Md. power outages raise question: why aren't lines underground?

Upon receiving word that scientists in Geneva had located the Higgs boson, a subatomic particle considered a basic building block of the universe, astrophysicist Neil deGrasse Tyson tweeted: "On the day we reserve to tell ourselves America is great — July 4 — Europe reminds us that we suck at science."

Later, the director of the Hayden Planetarium added, "You just wait Europe, science in America will rise again — some time this millennium."


Sometime this millennium, could we just do something about the power lines?

We don't need a team of theoretical physicists for the job, just a couple of visionary engineers.


On the day when scientists in Geneva came closer to understanding the universe, hundreds of thousands of families in the United States went without electricity — for the fifth consecutive day. And this, of course, was the scene in the middle of the nation's best-educated, most affluent region, between New York and Northern Virginia.

And 12 years into the 21st century.

Can't we do better than this? Aren't we the most advanced society on Earth, home to pioneers, innovators and wicked-cool video game developers?

We can program machines to brew our coffee at sunrise; we can speak on smart phones to people 5,000 miles away; we have an app for everything except cesarean section. But nothing works without electricity, and electricity still comes to us through a clumsy and unsightly system of wire and wood — thousands of miles of it.

Scientists and engineers long ago learned how to use nuclear reaction to make electricity, but we still deliver it by power lines slung from wooden poles. All this wire and wood is vulnerable to trees that fall in violent storms, tripping off a domino reaction of damage and the loss of life, commerce, productivity and millions in capital for repairs.

"In the 32 years I lived in Germany, I don't recall a single outage longer than a couple of hours," Klaus Philipsen, the Baltimore architect, said the other day. "Any outages were years apart. They've got hotter and more violent weather over there now as well — just last weekend a lot of it — but not millions of people out of power for days. This is ridiculous. And when one sees how the lines are strung and fixed, it is as if we are somewhere in a developing country."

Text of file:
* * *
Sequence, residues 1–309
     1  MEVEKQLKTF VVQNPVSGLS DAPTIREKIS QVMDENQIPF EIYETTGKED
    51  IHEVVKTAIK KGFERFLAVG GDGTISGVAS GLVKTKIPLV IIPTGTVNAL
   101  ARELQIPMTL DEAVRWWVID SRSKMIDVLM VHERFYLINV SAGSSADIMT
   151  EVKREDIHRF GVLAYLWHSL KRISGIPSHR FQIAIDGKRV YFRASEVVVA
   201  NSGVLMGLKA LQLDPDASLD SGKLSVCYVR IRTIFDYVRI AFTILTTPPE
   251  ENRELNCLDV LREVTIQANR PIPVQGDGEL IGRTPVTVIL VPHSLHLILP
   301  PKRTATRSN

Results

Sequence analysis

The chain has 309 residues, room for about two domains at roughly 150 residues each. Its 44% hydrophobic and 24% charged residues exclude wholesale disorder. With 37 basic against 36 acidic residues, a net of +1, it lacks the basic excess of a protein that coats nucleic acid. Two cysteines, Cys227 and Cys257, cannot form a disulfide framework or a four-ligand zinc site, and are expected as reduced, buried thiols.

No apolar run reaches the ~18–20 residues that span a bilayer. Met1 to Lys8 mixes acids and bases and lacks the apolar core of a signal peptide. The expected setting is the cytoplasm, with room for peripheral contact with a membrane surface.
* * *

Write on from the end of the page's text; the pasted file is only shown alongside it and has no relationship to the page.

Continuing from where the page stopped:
Pardon me while I repeat what I said last September, after the remnants of Hurricane Irene caused power outages to more than 750,000 Maryland households and businesses, and again in Tuesday's column about weather's "new normal" in the age of climate change:

Going underground with power lines, in stages over decades, is the sensible, intelligent plan to avoid these prolonged outages in densely populated areas. We should say to America's energy scientists and engineers: Come on, find a way to modernize this piece of our aging infrastructure.


If atmospheric and climate scientists are convinced that the Earth is changing, with more erratic and violent weather reaching beyond traditional ranges — tornadoes in Towson!? — we should make adjustments. One fundamental adjustment should be in how we receive power.

By one published estimate, half of all outages are caused by trees falling on power lines or motor vehicles hitting utility poles.

Green energy is great. I hope we develop more solar power. I hope we harness the wind. I hope we see a nuclear renaissance and the closing of coal-fired power plants.

But, in the meantime, we have this practical problem that keeps occurring. And there's a practical solution.

No doubt, it's expensive. The utilities keep telling us how costly it will be to bury power lines. Rob Gould, spokesman for BGE, said $1 million a mile, and an expert on power delivery at the University of Florida reported that figure to NPR last year. This week, the Associated Press quoted a range of $5 million to $15 million per city mile. The source for that estimate was a nonprofit research group funded by electric utilities.

Pardon my skepticism. What utilities count on is the public's short attention span. In a crisis, they get grumbles and questions about why power lines are still overhead. But as soon as the lights come back on, the grumbles and the questions go away.


We shouldn't let BGE off so easy this time.

Exelon, the new corporate parent of BGE, could announce a plan to bury power lines in areas that experienced two or more outages in the last four major storms. The company could take on some of the costs and arrange long-term financing to soften the blow to customers.

BGE spent $81 million in repairs after last September's storms. You can count on the derecho cleanup being in the multiple millions, too. Most people I know, sitting around a kitchen table to do a household budget, would say it makes more sense to invest in a long-term solution to prevent a costly, recurring problem. You don't need to be a theoretical physicist to see that.